So why should you listen to to advice from the rapper who hung upside down that the Super Bowl?
What I did not realize is that 50 Cent used the money from his best selling albums to become a successful entrepreneur. Unlike some rappers, he was wise with his money. He bought cash producing assets, like businesses, and made smart investments. He invested in Vitamin Water as a startup. When it was purchased by Coca-Cola, 50 walked away with $100 Million.
I identified with 50’s struggles growing up. And his desire to lift himself up out of poverty. I was shocked at how much this book resonated. Here’s a passage that had me thinking
“We see the following occur over and over: a person has success when they are younger because they have deep ties with a social group. What they produce and say comes from a real place and connects with an audience. Then slowly they lose this connection. Success creates distance. They come to spend most of their time with other successful people. Consciously or unconsciously, they come to feel separated and above their audience. The intensity in their work is gone and with it any kind of real effect on the public.”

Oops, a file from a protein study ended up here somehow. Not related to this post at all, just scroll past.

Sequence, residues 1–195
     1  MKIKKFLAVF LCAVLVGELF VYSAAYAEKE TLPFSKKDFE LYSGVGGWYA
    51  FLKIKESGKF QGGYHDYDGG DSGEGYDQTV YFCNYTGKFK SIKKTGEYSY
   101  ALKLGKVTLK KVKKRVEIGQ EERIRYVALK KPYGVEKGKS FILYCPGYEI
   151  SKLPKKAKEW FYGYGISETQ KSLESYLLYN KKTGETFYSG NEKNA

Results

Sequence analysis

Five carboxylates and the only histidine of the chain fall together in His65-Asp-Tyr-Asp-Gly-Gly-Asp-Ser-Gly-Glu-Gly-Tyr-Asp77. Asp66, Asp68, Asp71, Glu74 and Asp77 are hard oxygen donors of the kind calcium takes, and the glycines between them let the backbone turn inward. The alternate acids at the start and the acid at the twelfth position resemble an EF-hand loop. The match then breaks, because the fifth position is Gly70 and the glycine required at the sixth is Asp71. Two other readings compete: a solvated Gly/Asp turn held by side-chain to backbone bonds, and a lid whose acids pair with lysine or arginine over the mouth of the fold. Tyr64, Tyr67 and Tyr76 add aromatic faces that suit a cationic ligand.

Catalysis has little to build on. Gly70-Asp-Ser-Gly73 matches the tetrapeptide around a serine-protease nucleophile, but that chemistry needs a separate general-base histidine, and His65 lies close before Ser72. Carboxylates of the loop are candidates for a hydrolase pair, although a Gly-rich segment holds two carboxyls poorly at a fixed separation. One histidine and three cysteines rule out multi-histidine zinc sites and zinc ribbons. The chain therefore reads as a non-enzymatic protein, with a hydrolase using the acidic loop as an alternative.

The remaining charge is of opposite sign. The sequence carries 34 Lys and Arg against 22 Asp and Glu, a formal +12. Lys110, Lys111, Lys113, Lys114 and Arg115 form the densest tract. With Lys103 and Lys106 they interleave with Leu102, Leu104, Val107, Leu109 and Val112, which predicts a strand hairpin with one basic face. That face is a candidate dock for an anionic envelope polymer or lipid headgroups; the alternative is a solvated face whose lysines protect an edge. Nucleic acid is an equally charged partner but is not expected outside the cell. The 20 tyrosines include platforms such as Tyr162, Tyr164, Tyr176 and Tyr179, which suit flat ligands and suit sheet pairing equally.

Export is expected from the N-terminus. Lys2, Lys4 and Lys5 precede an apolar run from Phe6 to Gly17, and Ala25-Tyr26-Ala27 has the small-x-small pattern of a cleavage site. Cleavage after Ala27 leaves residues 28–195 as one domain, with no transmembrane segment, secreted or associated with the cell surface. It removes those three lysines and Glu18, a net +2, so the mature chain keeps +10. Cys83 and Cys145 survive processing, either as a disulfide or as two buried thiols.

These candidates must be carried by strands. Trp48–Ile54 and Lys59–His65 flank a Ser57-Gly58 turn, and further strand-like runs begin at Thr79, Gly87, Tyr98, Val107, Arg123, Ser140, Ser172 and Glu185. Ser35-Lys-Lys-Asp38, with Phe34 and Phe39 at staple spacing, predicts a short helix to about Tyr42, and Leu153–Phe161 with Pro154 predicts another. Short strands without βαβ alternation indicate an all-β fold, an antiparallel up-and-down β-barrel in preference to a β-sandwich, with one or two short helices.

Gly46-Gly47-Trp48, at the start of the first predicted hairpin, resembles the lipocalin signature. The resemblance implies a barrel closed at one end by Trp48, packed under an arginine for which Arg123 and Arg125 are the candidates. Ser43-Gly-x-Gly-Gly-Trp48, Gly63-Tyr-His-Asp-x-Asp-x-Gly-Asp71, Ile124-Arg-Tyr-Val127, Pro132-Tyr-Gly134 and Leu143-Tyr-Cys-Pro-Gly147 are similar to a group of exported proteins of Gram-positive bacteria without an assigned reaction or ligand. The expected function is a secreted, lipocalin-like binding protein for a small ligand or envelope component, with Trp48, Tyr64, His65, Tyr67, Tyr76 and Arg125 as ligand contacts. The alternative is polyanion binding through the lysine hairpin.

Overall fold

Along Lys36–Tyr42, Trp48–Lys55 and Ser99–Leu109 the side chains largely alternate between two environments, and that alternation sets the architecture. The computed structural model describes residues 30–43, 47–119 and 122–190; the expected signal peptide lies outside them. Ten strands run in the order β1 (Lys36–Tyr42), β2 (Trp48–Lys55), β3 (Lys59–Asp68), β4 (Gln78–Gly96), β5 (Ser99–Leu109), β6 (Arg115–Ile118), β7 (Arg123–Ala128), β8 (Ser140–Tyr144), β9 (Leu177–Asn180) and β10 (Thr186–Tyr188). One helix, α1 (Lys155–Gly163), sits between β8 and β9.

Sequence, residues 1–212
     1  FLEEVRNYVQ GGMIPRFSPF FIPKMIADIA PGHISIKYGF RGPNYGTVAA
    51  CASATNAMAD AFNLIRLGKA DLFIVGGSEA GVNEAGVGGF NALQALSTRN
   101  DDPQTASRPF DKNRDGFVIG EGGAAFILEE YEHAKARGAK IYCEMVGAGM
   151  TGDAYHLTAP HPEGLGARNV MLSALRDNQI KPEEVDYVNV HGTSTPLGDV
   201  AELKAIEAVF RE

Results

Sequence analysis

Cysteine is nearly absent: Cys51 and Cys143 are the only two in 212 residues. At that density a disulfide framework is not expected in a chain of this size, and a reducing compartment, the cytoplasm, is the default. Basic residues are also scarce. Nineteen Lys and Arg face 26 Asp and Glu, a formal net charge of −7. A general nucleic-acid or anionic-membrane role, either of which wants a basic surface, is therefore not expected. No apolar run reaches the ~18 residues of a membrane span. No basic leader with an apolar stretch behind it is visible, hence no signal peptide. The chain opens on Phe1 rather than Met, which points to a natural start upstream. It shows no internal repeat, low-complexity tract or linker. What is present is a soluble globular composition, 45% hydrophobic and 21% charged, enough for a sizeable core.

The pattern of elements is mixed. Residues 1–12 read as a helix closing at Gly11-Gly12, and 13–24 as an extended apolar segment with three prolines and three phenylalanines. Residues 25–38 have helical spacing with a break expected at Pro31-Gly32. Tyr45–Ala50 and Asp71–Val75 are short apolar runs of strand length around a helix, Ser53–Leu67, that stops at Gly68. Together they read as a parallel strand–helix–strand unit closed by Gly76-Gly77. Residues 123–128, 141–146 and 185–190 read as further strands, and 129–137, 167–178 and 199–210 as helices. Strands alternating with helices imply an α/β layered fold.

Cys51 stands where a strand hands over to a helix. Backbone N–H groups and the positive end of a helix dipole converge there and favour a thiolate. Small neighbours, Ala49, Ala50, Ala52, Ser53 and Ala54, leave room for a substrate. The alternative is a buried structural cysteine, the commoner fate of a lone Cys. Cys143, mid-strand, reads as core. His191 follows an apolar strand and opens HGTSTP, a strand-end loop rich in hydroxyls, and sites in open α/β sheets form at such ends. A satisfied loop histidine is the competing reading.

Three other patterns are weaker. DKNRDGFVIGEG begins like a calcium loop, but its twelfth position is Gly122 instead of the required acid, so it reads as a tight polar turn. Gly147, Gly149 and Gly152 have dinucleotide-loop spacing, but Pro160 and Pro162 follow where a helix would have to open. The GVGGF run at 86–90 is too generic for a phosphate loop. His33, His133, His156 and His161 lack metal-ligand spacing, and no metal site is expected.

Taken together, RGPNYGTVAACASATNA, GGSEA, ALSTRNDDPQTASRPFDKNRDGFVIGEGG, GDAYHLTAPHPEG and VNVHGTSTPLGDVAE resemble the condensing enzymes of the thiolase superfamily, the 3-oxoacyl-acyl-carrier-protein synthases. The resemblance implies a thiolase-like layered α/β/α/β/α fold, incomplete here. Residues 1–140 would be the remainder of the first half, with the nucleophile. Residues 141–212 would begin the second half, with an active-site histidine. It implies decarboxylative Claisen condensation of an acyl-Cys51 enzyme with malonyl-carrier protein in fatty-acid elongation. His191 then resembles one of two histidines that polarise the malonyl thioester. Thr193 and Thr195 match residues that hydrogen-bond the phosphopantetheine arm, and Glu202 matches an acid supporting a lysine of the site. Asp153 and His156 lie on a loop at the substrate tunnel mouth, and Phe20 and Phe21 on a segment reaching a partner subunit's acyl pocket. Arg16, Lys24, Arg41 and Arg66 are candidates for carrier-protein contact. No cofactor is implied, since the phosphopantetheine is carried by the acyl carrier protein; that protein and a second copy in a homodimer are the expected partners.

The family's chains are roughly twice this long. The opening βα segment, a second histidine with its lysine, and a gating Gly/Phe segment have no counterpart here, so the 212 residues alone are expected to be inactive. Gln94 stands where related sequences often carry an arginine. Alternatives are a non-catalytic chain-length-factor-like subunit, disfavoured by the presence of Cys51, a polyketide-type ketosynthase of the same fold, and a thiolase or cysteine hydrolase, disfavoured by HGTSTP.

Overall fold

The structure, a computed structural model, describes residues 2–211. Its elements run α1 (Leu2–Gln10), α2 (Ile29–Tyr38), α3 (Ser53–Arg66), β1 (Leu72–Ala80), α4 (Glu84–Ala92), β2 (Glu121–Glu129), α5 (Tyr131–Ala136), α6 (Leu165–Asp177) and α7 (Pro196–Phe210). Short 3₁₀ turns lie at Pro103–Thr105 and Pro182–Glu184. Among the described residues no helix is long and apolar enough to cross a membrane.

Here 50 Cent is talking about rappers. He goes on to the tell the story of Malcolm X and how he believed leaders in the Nation of Islam were losing touch with the struggles of black Americans.
The same can be said with our elected leaders, government bureaucrats and the political consulting class, in Washington. So much messaging from Washington seems to completely ignore the struggles of middle America. It’s exactly why Donald Trump’s message resonated so well on the right. Somehow a billionaire from NY was more in touch with the pulse of the Republican Party than any Washington politician or consultant. The Washington brand is broken.
I definitely recommend this book.